Sunday, November 7, 2010

Because the 4th Overall Pick Is, After All, the Coolest Teenager in the World.

The game: Portland Winterhawks 3, Red Deer 2. Portland Winterhawks 4, Everett Silvertips 2. Squeakers all around, thanks to NHL Draftees Taylor Aronson (OT goal in the Red Deer game) and Brad Ross/Ryan Johansen/Nino Niederreiter (Brad got the game winner against Everett, Nino and Ryan helped and then Ryan topped it off with an empty netter).

As for that headline: The Everett game was stopped about 2 minutes in when two Silvertips players collided with each other on open ice. Medical personnel were called to the scene once it was clear he wasn't getting up or moving a whole lot. To ensure that one of them didn't fall while walking across the ice, Ryan skated over and took his arm to escort him out to the scene. If you've seen the post over on oregonlive, forgive me for duplicating with the audience here: behind the great playmaking is a great player. Get ready Columbus, it won't be long before you see what I'm talking about.

Road trip: Here in Portland, darkness is coming early due to the end of daylight savings time, coupled with rain and two weeks without any home games. While life on the home front is admittedly dreary, somewhere out there rolling down I-5, is a gaggle of young hockey players heading to Canada for a 3000+ mile road trip and all the adventure that comes with it. The Winterhawks sparkle on the road, and they head out on an eight-game winning streak. The recent return of Nino Niederreiter just puts the cherry on top of the whole thing. Times like these only come once, and one would hope that in ten years when they are still plenty young and off in the NHL or wherever fate leads them that they remember well what Portland taught them. I have had the pleasure of meeting most of them, and I know that they will.

That took long enough: Pittsburgh beat Phoenix last night in a shootout. Doing the game winning goal honors was Mark Letestu. A small glimmer of hope in a not terribly hopeful road trip. Here's my theory: one of the great things about the Penguins is that they play, lose and fight as a team. Sidney Crosby's generosity on and off the ice is well documented and rarely disputed. But the side effect of playing like one person is that when one or two players are sidelined, it's like all of them are. With Jordan Staal's injury, the team was dealt another blow just before leaving for a road trip. They had no time to absorb it or deal with it. Just get on the plane and good luck. That's no excuse for the middling play that marred their recent games, but it was cause for reflection on tonight's morals of the story.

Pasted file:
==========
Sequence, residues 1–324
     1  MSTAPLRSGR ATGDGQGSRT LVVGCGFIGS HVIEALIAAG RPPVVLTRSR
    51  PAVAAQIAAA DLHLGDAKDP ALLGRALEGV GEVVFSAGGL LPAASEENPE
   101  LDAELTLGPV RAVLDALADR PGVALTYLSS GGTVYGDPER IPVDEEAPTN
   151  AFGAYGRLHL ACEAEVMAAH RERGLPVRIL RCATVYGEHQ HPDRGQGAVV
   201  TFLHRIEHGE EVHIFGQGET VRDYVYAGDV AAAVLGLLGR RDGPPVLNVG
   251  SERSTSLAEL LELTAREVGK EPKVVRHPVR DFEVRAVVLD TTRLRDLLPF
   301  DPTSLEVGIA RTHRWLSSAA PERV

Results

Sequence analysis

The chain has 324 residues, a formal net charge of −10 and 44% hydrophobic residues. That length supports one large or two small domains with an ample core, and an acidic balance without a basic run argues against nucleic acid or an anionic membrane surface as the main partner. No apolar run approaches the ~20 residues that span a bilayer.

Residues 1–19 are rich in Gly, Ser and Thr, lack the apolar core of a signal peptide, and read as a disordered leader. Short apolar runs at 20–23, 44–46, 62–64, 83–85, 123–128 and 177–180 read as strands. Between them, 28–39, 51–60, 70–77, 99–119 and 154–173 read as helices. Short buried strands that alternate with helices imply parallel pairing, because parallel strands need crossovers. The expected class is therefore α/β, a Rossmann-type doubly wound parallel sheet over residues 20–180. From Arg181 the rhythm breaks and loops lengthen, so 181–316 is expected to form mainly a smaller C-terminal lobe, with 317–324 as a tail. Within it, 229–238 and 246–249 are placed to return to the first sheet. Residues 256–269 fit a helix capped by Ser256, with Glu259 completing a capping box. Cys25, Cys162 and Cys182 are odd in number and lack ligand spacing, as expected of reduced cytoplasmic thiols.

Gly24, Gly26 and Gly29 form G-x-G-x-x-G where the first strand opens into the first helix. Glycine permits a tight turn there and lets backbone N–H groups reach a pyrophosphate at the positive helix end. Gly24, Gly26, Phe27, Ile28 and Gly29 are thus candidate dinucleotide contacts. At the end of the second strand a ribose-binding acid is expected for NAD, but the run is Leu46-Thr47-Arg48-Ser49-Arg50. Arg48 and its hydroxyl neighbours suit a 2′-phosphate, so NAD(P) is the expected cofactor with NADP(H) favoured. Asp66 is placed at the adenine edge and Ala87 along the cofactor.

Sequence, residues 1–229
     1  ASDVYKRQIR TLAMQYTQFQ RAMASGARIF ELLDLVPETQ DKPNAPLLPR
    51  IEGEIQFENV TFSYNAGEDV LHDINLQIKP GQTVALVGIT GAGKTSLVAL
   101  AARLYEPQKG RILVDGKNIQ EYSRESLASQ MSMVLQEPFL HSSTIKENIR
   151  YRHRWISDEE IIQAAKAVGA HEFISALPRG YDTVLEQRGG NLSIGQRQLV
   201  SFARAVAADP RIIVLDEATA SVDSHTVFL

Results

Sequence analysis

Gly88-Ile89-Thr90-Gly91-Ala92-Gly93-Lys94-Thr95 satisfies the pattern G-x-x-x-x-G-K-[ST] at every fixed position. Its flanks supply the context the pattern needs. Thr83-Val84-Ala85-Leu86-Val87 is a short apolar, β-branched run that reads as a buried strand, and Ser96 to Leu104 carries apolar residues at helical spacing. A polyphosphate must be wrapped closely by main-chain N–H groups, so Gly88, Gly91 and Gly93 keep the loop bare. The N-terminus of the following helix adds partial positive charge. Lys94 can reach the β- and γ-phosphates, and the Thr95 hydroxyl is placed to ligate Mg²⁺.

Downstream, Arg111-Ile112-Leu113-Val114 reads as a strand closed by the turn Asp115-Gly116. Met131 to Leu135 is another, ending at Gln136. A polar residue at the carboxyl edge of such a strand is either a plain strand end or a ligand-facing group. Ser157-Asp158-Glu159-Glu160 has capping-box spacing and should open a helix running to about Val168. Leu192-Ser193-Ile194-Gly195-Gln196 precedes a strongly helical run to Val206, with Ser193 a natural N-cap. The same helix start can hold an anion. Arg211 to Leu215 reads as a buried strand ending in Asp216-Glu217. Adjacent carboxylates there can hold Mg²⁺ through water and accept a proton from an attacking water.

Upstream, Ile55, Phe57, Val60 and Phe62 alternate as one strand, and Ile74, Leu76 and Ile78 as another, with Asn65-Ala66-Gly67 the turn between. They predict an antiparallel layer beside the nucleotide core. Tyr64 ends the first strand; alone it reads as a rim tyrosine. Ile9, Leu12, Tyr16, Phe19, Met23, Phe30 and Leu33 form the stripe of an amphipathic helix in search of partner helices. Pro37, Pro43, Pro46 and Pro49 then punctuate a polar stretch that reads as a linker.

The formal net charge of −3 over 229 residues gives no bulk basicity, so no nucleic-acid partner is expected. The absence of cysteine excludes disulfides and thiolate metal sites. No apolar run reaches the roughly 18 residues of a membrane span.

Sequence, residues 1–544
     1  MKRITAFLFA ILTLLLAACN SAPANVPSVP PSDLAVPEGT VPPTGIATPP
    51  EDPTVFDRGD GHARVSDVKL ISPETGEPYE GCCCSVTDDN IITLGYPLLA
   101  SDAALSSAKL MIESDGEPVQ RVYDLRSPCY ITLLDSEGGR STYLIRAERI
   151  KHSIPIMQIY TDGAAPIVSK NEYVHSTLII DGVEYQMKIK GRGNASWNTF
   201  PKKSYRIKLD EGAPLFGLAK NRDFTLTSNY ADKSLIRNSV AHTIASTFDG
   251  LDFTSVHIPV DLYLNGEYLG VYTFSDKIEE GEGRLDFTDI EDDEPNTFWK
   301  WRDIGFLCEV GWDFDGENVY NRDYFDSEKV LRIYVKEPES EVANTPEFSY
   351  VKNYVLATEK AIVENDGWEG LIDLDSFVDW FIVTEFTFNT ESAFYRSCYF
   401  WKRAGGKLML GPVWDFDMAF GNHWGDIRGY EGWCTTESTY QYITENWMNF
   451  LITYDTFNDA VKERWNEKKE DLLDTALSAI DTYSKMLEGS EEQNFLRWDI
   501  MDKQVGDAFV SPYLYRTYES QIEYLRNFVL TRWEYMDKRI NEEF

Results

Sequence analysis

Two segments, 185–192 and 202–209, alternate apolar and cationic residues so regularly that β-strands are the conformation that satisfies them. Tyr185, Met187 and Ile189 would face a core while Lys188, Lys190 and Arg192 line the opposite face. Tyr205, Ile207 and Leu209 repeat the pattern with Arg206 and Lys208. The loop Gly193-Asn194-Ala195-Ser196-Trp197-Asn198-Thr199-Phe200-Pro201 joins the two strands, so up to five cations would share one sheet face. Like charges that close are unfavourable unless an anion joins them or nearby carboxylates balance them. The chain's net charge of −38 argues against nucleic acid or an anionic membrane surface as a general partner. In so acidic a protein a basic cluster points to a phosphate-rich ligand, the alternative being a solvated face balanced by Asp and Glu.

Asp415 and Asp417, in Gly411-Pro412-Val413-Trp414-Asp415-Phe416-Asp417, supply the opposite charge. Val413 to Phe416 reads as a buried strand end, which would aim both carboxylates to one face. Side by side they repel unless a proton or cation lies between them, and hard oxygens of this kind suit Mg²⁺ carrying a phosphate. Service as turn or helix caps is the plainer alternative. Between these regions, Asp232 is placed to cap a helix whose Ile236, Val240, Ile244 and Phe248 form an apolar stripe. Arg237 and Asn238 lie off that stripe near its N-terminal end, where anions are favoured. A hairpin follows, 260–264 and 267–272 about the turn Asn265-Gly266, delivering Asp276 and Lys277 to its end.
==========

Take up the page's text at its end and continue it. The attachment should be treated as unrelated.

But first, the rule: NHLPA Collective Bargaining Agreement, Article 12, Salary Arbitration.

12.3, Eligibility for Club-Elected Salary Arbitration: If a player has a Paragraph 1 NHL Salaries plus Signing, Roster and Reporting Bonuses Greater than $1,500,000 in the Prior League Year, the Club may elect salary arbitration for said salaries, etc in lieu of making an offer for the upcoming League Year. And if it goes to arbitration, the arbitrator may not award less than 85% of the Player's salaries, bonuses, etc, in the final League Year of his most recent SPC.

Morals of the story:

The game: When you make between eight and oh, say, $10 million a year, is 85 percent really so bad?

Life: This rule is all about what a player is worth to his employer. Ryan Johansen and his teammate Nino Niederreiter are worth just under one million dollars to their respective NHL teams. But back here, we don't place a dollar value on them and when they have moved on to their well-deserved professional careers, no amount of money could compensate for their loss. Jordan Staal's value to the Pens goes beyond his salary: it's key to the heart of the team.

Which brings me to this: why is it that we determine our worth in life by material worth? Generations before us survived the great depression, but we flip out if we can't own the latest iPhone-like gadget or a bank won't float a loan anymore for that McMansion we can't really afford. Material worth is important when it comes to salary, since that is how an employer demonstrates your value to them and how we pay the rent. But it's what they do with it that causes some people to lose the plot. Nobody needs expensive cell phones, a pimped up ride with all the bells and whistles or radiant heat on their floors to show others how important they are.

Therefore: I propose that Club Elected salary arbitration be allowed in every Fortune 500 company in America, so all those VPs who got to the corner office on a wing and a prayer can be put in their places every now and again. Only in my book, I wouldn't be as generous as 85 percent. I'd go for, oh...I don't know....say...fifteen percent, tops. Any sum that would require said individuals to sell the Jag, the McMansion and rent a small house within their actual budgetary means will do. If it works for the NHL, then it should work for everyone else.

Up next: Finding something to do with the next two weeks of my life while the Hawks hit the road. And 12.7, Scheduling.

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